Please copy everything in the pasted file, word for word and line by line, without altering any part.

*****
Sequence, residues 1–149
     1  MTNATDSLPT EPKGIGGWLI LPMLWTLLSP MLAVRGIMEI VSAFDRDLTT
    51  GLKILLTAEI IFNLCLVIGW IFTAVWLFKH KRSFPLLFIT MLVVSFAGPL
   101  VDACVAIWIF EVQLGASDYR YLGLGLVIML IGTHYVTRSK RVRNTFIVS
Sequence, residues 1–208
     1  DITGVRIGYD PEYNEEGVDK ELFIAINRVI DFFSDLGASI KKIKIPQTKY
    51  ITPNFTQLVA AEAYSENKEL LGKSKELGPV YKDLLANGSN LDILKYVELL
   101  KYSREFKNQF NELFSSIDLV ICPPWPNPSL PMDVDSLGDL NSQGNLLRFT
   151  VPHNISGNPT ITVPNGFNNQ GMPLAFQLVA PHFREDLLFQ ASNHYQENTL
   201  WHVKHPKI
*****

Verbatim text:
Sequence, residues 1–149
     1  MTNATDSLPT EPKGIGGWLI LPMLWTLLSP MLAVRGIMEI VSAFDRDLTT
    51  GLKILLTAEI IFNLCLVIGW IFTAVWLFKH KRSFPLLFIT MLVVSFAGPL
   101  VDACVAIWIF EVQLGASDYR YLGLGLVIML IGTHYVTRSK RVRNTFIVS
Sequence, residues 1–208
     1  DITGVRIGYD PEYNEEGVDK ELFIAINRVI DFFSDLGASI KKIKIPQTKY
    51  ITPNFTQLVA AEAYSENKEL LGKSKELGPV YKDLLANGSN LDILKYVELL
   101  KYSREFKNQF NELFSSIDLV ICPPWPNPSL PMDVDSLGDL NSQGNLLRFT
   151  VPHNISGNPT ITVPNGFNNQ GMPLAFQLVA PHFREDLLFQ ASNHYQENTL
   201  WHVKHPKI